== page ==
I had access to recorded scans, provided in a CSV format, allowing for straightforward loading into MATLAB. Each column represented an electrode, while each row encapsulated an epoch of data. The commonly used sampling rate is 256Hz, making each row equal to 1/256s of data. With data from around 50 patients, evenly split between those with epilepsy and PNES, I used my knowledge of BME to go on a journey of analysis.


Prior to delving into feature extraction, data cleansing was essential. Not all data adhered to the 256Hz rate, necessitating resampling for standardization. EEG recordings often incorporate the main frequency component (50Hz) due to powered apparatus. Removing this interference was feasible via a high-pass filter. However, in the EEG study, the focus rarely exceeds 30Hz, prompting me to eliminate frequencies beyond this range. This phase of BME was time-consuming, involving iterative refinement to achieve the desired data structure while addressing various noise and anomaly sources.


Unveiling insights from EEGs involved employing both linear methods (Fourier transform, wavelets) and non-linear methods (entropy, Lempel-Ziv complexity). These techniques transformed raw data into interpretable forms, revealing hidden information. Fourier transform facilitated a transition into the frequency domain, enabling segregation into distinct brain wave ranges (delta 1-3Hz, theta 4-8Hz, alpha 8-12Hz, and beta 13-30Hz). Non-linear methods, encompassing complexity algorithms, have been shown to unearth significant EEG features for classification.


Equipped with extracted features, the time came to apply machine learning algorithms to identify key differentiating elements for the disorders. MATLAB’s built-in algorithms streamlined the process, requiring only input features and relevant parameters. Before classification, algorithms need training on a subset of the data to ‘learn’ the trends. I allocated 30% of my data for training, reserving the remaining 70% for testing.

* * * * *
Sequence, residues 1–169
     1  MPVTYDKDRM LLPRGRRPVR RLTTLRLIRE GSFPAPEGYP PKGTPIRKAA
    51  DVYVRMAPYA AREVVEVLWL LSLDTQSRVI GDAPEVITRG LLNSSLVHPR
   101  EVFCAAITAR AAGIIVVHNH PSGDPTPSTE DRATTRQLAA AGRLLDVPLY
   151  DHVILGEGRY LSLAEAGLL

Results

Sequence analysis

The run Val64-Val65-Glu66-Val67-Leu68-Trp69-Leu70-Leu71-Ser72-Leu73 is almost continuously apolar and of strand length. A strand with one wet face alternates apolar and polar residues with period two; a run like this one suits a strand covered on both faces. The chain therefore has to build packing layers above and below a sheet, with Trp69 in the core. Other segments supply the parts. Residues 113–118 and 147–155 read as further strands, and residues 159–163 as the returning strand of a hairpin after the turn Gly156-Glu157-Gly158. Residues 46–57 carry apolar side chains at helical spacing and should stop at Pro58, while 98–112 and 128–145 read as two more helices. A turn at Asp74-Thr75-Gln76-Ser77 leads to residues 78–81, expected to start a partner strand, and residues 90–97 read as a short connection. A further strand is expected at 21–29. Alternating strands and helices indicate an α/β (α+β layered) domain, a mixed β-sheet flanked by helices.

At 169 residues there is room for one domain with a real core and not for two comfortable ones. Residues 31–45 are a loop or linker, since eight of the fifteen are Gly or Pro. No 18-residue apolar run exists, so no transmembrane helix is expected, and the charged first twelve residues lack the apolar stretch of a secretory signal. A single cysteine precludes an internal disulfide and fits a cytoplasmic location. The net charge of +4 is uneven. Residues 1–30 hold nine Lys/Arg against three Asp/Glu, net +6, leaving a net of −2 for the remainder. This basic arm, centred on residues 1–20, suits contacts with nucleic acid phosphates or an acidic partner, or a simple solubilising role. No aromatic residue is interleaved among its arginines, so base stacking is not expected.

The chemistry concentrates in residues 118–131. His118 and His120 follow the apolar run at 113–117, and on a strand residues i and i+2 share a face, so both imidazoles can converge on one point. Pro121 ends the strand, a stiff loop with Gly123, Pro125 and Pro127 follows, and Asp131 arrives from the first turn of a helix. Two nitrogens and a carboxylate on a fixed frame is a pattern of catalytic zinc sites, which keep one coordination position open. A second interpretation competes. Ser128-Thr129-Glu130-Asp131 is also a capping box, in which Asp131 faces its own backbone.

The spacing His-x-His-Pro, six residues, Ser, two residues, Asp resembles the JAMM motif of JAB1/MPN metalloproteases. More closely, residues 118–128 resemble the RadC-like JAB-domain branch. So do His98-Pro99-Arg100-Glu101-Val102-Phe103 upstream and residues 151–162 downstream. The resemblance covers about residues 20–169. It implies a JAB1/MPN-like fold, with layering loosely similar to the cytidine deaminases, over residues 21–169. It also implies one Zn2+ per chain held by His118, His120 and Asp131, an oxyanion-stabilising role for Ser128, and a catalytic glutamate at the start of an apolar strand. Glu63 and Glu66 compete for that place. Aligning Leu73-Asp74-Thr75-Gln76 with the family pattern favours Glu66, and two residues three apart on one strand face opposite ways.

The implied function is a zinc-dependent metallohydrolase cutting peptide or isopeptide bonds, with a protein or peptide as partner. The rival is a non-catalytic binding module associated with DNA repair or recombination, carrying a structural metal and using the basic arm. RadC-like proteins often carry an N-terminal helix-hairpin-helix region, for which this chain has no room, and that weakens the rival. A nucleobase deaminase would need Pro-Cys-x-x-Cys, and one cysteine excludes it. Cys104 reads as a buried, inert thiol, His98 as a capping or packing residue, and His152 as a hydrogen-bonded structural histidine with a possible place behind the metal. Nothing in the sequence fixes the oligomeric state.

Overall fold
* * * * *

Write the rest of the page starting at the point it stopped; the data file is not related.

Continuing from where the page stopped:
To gauge the algorithm’s accuracy, a confusion matrix is often used (see Figure 3 below). This matrix tallies True Positives (TP), True Negatives (TN), False Positives (FP), and False Negatives (FN) in order to calculate accuracy and precision. In my context, I selected epilepsy as the true class, while PNES represented the false class. Maximising TP and TN is the ideal goal, with a True Positive indicating accurate classification of epilepsy features and a True Negative reflecting correct classification of not-epilepsy (PNES).

Figure 3 Confusion matrix – Towards Data Science


Exploring different machine learning algorithms on feature subsets led me to identify the highest-performing algorithm for this use case. While not achieving 100% accuracy, this algorithm showcased improvement over traditional diagnostic measures, demonstrating promise in future use for differential diagnosis. Currently, this method is used mainly for Alzheimer’s diagnosis but is continuing to show promise for other medical diagnoses such as epilepsy.


My BME project was an immensely enjoyable experience, reinforcing my aspiration to apply my degree in a career where data from medical devices can be harnessed and analysed to unveil insights that otherwise would not have been found without, contributing to the deeper understanding of an individual’s health.